'Eagle Eyes' allow severly disabled to use computers

By Jed Boal  |  Posted Nov 29th, 2011 @ 5:09pm

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SALT LAKE CITY -- Kids and adults with certain severe disabilities can feel trapped in their bodies and unable to communicate. But, advanced computer technology is opening up a new world for disabled students in the Canyons School District.

It's true that computers open up a world of creativity and accessibility for all of us. But, for those who cannot use their hands or even words - the severely disabled - their eyes are the key to unlocking their future.

7-year-old Angel Danis is eager to play and learn on her computer at the Jordan Valley School. The special electrodes of the Eagle Eyes system placed around her eyes let her do that by measuring the muscle movements in her eyes.

When the lights are dimmed, Angel controls the cursor on screen, and starts to paint.

"Between the motherboard and the electrodes, it converts the electrical signal of the eye into a mouse cursor-slash-joy stick," said Not only can she paint, she can shoot down aliens. She can also apply those eye movement skills to access all kinds of educational opportunities.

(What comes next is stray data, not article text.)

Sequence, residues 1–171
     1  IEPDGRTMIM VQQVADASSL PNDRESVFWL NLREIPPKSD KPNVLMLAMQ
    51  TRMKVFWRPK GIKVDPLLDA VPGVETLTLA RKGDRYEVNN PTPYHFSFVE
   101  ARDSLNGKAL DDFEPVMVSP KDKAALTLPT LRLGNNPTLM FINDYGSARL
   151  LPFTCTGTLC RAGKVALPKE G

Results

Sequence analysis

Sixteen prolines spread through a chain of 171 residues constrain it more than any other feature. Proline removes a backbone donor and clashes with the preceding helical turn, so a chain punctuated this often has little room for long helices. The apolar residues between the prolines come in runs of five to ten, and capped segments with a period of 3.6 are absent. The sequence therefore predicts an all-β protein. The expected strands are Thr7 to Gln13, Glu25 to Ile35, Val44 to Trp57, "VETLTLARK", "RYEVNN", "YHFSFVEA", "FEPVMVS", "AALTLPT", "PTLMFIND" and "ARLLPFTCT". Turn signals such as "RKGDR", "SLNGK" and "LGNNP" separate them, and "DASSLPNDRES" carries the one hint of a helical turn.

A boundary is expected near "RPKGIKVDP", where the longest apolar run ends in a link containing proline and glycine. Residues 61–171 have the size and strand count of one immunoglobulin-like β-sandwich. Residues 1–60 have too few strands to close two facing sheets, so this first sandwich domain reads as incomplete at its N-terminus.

The technology was developed at Boston College in 1994, and the Opportunity Foundation of America has distributed 80 systems nationwide.

"These kids are absolutely incredible. I believe they are here for the rest of us to learn to be more patient, loving, kind, giving, sharing," Inkley said.

Students from Cottonwood High School have embraced Eagle Eyes as a fundraiser, and watched the demonstration today.

"To see these kids and the amazing things they're doing, and the amount of effort they're putting in to it, it really humbles me," said Parents who once thought their kids were imprisoned in their own bodies are excited and reaching out into the world around them.

"It's just been amazing to watch how she has developed a personality because she's been able to get out of her body," said Freyja Robison, parent of another disabled student.

The Eagle Eyes project is always looking for more volunteers and money in order to share the technology with more students.

Email: jboal@ksl.com


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